No. 1462 - Springfield - St Paul's Sunday School (1894)

This article is one of a series about buildings associated with Tasmania’s historical churches.These buildings include Sunday schools, parish halls, convents, schools and residences of the clergy. Ancillary buildings are often overlooked and rarely feature in published histories. My aim is to create a simple record of these buildings, including of those that no longer exist.

Springfield is a rural area which lies approximately 5 kilometres south of Scottsdale in north-east Tasmania. Although Springfield never developed into a town, the district was settled in the 1870s with a post office opening in 1876 followed by a school and public hall. The district once supported four churches with the Wesleyan Methodists being the first to establish a church in 1871. Anglicans at Springfield used the Wesleyan church until they opened their own church in 1884. St Paul’s church was officially opened on Sunday 23 March 1884.

An Anglican Sunday school was built in 1894 on a site near the old Springfield shop at the intersection of South Springfield Road and the Tasman Highway. In 1923 the building was moved to a new location. In 2019 it was moved a second time and it now stands alongside the Springfield Hall where it is used as a church by an Amish family.

A record of the official opening of St Paul’s Sunday school on 15 May 1894 is described in a report published in the Launceston Examiner:

“A very successful tea meeting was held here on Tuesday, 15th inst., to inaugurate the opening of St. Paul's Sunday school. For years past the question of a Sunday school for the children belonging to the Anglican Church has been agitating the minds of our several clergymen. Upon the arrival of the Rev. G. A. Breguet in our midst he took the matter up warmly and gave the churchwardens no peace until the building was finished. The building site was presented to the parish by Mrs Jonas Cherry, sen. I was pleased indeed to see the old lady present during the evening, accompanied by her granddaughter and great grandchild. The building is weatherboard, 25ft x 16ft, stopped with blackwood, and presents a very nice appearance. The cost of the building up to the present is through the kindness of the churchwardens in supplying the materials, etc., at the very lowest rate only about £30 with seats for the children”.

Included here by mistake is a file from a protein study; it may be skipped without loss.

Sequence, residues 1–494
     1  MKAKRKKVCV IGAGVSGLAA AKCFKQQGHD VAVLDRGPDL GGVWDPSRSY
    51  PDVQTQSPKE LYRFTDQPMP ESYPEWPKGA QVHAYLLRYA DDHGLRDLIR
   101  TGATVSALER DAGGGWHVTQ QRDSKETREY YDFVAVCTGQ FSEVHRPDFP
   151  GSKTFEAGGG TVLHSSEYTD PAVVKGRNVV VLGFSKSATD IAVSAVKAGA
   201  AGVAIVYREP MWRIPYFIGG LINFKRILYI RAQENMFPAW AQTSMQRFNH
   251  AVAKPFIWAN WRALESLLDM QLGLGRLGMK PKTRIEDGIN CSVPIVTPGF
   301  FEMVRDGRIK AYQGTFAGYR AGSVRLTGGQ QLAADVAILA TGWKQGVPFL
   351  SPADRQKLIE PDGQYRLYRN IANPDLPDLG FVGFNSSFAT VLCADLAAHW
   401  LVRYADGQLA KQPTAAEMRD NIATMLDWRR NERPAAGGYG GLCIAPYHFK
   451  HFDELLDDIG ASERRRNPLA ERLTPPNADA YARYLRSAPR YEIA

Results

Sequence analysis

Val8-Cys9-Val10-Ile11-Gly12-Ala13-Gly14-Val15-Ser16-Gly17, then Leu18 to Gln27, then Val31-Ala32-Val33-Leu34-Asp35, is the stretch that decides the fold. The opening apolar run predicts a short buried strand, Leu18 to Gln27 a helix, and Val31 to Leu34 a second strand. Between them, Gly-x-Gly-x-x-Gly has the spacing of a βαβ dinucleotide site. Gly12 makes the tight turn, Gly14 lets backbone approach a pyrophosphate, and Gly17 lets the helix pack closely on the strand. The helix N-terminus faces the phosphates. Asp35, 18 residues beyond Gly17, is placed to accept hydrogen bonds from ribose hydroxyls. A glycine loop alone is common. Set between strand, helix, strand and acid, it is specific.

“The Sunday school was opened by Rev. G. A. Breguet on Sunday last with an attendance of 43 scholars, thus proving the necessity for the school. The motto of the school is “regularity, punctuality, and exactitude." At the children's feast, which took place during the afternoon, about 70 juveniles sat down, coming from West Scottsdale, Scottsdale, and Upper Springfield. Willing assistance in providing the good things was given by the ladies of the district, and by the happy expressions on the children's faces all seemed to thoroughly enjoy themselves….”.

The buildings removal to a nearby site in 1923 is recorded by the North East Advertiser:

“The old Sunday School building had been removed to a site given by Mr George Gofton, in memory of his late father, and by the aid of two working bees the building was placed on good foundations and a new iron roof put on. The ladies have done their part well in raising money to pay for the removal and for the iron for the roof. It will soon be habitable and will be used for Sunday School and other Church purposes”.

The building was used as a Sunday school as well as the home of the St Paul’s Mother’s Union for many years. In 1998 the building was sold by the Anglican Church and was acquired by the Gofton family. In 2019 the building was donated to the McCallum’s, an Amish family, who moved the building to its current site and have restored it for use as a church.

St Paul's Sunday School at the site to which it was moved in 1934. Photograph: The Gofton Family - as posted by the Dorset History History Facebook Page 18 August 2019

The Sunday school in the process of being moved to its current site in 2019. Photograph: 'The Church at Springfield" (

Sources and further information:

Launceston Examiner, Monday 21 May 1894, page 3
North East Advertiser, Tuesday 19 February 1924, page 2
North East Advertiser, 4 March 2020, Tyler Clyne: "Sunday School breathes new life".

Wheatley, Ray: Memories of Springfield; Foot & Playsted, Launceston, 1989.



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